Analysts break ranks to give thumbs up for scandal-marred firm

30 August 2013 0 Comments

30 August 2013

The saga of scandal-ridden global engineer SNC-Lavalin took a positive twist this week after a number of industry analysts pronounced that the time was right to buy the Montreal-headquartered firm’s stock.

It has been banned from World-Bank-funded projects, former executives – including a CEO – have been arrested for alleged fraud, and corruption probes involving the firm are underway in multiple countries.

The Canadian representative of anti-corruption body Transparency International, Janet Keeping, told GCR earlier this year that the damage done to the 102-year-old company was “immense” and that “a tonne of other things” would go wrong for it on top of any fallout from the criminal investigations.

This week SNC’s shares closed at CAN$39.55, down 43 cents in Tuesday (27 August) trading on the Toronto Stock Exchange (TSE).

They have fallen 20% from its 52-week peak reached after rallying from months of negative headlines.

But SNC-Lavalin keeps winning work – including a contract announced Monday to build a natural gas compressor station for a major pipeline operator in Colombia.

And as the hole it was in kept getting deeper and wider, SNC never stopped trying to dig itself out – shedding executives as a snake sheds its skin, hiring a new CEO (former CH2M Hill executive Robert Card), and installing an ethics czar (“chief compliance officer”) in the form of former Siemens ethics boss, Andreas Pohlmann.

Against this background, some industry analysts have stuck their necks out this week to say “buy” in relation to SNC’s stock.

Continued contract wins mean SNC’s fundamentals are strong, analysts say (Credit: Getty)

According to a Canadian Press (CP) report picked up by several leading newspapers, three analysts are saying the time is right.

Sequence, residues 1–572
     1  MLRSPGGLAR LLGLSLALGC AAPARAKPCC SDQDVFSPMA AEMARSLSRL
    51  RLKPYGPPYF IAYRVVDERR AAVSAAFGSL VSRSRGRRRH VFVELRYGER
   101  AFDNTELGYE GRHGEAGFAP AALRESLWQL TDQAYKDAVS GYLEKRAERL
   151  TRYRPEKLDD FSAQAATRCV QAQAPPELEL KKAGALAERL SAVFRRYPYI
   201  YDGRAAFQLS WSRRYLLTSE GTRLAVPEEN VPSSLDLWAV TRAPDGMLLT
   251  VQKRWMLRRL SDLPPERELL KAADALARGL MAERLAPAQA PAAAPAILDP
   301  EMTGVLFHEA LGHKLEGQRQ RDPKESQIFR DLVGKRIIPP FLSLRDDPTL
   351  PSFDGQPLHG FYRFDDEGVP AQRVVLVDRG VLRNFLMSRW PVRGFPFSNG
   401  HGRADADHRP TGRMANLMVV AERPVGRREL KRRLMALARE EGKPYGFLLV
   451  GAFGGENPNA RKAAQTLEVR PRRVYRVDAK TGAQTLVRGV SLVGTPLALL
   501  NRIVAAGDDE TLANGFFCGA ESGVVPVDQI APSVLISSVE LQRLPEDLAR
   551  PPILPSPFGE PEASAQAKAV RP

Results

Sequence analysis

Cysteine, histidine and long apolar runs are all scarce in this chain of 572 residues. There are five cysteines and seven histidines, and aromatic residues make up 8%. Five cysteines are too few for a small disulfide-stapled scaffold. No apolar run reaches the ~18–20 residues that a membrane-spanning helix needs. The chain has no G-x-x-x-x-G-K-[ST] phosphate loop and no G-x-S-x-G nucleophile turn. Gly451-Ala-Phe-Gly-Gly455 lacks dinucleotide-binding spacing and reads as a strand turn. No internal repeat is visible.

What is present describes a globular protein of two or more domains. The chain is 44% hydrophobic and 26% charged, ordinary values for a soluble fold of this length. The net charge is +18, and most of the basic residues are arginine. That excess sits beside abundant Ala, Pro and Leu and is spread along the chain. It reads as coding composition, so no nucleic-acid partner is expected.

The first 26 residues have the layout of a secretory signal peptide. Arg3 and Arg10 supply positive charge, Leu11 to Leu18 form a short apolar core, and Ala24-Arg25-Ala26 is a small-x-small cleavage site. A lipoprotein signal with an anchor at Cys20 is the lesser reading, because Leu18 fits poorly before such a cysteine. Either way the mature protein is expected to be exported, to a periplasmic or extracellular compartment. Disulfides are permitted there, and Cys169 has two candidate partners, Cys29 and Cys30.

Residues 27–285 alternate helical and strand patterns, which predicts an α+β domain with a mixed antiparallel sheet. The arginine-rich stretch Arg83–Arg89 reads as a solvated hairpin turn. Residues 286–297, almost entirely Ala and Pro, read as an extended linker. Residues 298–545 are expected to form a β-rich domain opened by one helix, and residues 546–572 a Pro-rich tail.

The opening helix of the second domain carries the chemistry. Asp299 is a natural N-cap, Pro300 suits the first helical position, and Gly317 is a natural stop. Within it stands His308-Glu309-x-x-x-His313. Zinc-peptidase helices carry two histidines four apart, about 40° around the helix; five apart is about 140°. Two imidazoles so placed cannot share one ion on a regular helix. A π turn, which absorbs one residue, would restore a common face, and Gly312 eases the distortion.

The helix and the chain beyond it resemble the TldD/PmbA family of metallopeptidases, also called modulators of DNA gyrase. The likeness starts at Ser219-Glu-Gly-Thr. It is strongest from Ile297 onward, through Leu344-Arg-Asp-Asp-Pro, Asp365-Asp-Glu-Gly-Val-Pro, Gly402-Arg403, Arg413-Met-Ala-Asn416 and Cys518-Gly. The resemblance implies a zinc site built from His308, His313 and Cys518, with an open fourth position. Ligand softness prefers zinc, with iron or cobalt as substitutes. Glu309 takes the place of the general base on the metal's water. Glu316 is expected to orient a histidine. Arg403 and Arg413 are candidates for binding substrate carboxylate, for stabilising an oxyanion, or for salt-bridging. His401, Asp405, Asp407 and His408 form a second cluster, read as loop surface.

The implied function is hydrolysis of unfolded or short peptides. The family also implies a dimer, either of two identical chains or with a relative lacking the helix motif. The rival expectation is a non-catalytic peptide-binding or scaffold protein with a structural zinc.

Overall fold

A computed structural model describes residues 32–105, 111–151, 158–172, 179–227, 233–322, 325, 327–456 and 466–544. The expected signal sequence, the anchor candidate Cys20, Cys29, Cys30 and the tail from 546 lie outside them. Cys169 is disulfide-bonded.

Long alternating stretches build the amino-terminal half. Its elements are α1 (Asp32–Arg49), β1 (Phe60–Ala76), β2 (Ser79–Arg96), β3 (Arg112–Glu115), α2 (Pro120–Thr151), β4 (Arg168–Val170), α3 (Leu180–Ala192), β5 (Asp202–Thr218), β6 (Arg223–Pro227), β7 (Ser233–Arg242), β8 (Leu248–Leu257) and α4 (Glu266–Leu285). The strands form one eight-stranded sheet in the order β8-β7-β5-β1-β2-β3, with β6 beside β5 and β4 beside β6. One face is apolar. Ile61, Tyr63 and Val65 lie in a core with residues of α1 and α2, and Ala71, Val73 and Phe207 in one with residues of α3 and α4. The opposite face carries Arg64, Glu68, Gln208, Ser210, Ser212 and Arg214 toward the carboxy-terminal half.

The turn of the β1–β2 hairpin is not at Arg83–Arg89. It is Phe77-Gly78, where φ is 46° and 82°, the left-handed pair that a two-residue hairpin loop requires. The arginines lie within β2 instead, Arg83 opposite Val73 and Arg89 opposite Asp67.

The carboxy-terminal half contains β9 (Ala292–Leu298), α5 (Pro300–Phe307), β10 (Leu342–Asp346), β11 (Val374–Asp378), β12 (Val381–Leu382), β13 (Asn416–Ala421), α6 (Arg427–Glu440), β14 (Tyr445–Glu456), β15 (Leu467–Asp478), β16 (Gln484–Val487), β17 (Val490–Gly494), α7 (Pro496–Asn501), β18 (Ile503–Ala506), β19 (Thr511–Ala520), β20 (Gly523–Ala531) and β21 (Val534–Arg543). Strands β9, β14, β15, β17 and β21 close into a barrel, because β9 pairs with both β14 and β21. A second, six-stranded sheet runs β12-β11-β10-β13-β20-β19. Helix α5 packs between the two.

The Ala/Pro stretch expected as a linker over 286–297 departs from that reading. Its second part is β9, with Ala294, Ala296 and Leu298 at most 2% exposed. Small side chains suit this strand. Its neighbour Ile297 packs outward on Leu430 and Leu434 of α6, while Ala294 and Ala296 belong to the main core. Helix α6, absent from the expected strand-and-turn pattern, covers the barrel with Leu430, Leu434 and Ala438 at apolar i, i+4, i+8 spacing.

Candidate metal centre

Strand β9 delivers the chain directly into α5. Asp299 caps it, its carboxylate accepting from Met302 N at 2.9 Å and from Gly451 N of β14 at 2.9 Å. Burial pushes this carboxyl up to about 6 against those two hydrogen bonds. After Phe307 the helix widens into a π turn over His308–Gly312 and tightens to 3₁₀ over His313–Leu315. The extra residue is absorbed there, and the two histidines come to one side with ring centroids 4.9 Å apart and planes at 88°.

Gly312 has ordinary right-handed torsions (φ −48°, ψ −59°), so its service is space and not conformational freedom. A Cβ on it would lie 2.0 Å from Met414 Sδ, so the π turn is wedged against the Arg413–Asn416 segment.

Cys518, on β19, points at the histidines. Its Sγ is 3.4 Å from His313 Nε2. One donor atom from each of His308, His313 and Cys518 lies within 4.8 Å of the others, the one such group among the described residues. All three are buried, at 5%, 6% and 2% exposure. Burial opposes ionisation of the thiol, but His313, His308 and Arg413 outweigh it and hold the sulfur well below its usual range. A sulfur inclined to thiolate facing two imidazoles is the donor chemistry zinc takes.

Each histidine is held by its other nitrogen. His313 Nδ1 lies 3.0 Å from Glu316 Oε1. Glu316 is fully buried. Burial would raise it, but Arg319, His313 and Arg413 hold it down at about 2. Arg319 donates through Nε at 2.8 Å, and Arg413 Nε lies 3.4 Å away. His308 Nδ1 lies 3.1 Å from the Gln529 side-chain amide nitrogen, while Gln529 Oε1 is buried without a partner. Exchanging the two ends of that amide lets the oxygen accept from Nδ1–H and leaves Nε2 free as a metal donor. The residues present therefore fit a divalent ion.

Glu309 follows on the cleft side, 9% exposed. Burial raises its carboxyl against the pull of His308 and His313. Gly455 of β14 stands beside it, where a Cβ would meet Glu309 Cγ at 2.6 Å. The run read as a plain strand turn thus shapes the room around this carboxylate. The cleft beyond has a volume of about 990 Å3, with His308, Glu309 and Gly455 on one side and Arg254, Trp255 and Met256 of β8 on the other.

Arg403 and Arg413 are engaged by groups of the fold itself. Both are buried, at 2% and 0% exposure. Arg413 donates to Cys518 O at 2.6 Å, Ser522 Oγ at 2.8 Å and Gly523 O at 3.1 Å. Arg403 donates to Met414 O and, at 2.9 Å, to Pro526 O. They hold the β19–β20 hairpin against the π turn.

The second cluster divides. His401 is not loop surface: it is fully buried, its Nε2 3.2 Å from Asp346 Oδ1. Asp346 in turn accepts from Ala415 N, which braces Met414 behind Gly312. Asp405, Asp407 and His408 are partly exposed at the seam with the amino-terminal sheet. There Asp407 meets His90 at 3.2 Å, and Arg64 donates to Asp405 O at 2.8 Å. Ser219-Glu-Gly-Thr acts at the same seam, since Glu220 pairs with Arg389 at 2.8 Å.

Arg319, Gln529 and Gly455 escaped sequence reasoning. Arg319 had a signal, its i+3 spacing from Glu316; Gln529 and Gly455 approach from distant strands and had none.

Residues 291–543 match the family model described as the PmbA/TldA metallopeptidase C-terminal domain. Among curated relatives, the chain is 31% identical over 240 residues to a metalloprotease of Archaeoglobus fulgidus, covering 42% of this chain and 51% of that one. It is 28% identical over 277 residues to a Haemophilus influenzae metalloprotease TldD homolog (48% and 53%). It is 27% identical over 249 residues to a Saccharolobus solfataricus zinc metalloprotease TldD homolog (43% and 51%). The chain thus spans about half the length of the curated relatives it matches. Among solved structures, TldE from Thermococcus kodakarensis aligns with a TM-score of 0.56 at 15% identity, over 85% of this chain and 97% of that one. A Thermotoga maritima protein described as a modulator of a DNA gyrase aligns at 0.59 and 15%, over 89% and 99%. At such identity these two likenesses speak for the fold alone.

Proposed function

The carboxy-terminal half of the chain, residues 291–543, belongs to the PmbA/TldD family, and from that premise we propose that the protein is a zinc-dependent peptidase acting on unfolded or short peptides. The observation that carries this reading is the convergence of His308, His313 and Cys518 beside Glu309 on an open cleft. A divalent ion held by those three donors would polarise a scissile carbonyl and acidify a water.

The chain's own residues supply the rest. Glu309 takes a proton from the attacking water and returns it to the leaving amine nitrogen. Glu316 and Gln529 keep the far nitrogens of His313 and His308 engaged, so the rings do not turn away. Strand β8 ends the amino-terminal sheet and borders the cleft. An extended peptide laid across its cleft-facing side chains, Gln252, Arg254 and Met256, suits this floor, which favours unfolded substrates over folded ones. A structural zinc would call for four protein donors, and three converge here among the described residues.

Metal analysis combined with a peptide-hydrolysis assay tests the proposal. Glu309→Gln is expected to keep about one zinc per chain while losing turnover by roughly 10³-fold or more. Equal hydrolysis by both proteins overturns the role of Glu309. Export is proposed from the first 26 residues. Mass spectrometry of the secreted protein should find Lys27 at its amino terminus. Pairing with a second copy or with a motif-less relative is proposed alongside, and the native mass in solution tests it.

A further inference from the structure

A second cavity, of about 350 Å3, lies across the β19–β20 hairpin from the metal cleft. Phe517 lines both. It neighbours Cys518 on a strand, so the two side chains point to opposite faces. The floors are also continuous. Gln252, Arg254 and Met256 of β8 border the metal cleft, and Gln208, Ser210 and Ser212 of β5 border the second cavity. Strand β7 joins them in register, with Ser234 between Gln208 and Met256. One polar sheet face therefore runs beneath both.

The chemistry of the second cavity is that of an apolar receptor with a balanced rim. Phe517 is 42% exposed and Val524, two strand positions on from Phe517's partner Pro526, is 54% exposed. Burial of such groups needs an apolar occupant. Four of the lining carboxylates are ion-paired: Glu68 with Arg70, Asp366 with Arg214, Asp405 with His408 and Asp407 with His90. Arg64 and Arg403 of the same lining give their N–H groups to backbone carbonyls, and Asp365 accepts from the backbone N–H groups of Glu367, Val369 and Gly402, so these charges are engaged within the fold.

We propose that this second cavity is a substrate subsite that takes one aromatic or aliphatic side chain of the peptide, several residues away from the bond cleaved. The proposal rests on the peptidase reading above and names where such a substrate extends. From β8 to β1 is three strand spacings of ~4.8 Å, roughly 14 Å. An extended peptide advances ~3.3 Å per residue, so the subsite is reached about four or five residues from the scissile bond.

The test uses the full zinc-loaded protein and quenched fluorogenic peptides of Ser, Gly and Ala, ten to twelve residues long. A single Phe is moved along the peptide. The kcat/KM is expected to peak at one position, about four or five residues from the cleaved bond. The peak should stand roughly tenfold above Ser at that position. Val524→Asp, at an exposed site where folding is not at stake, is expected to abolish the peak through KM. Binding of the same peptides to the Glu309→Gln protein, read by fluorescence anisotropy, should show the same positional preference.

Frederic Bastien of Raymond James told CP that SNC’s thriving infrastructure and concessions business will limit any further slide, and recent contract wins, including the Columbia deal, are signs that its fundamentals are sound.

Another analyst, Maxim Sytchev of Dundee Securities, said the Colombia deal, believed to be worth around US$55m, on its own “doesn't move the needle” for SNC, but that the firm’s ability to win work under its exceptionally dark cloud must be noted.

Mr Sytchev told CP as well that SNC’s focus on cutting administrative costs and the impending completion of difficult projects should improve future results.

He said it was “simply not tenable” that SNC-Lavalin's shares continue trading “at a substantial discount to its peers”.

“Large discrepancies tend not to last in the public markets for a very long time,” he said, citing his price target at CAN$52.

A third analyst, Pierre Lacroix of Desjardins Capital Markets, told CP that SNC-Lavalin could produce a “sizable upside surprise” in coming quarters if there is a partial reversal of $170 million of provisions taken in the first half of the year for a handful of troubled projects.

It has been nearly two years since scandal erupted, in November 2011, over allegations of a plot to smuggle Saadi Gadhafi out of Libya. It’s too early to tell whether the rank-breaking of these analysts will spark an upswing in SNC’s fortunes, but its share price did inch upwards to CAN$40.20 at close of yesterday’s trading on the TSE.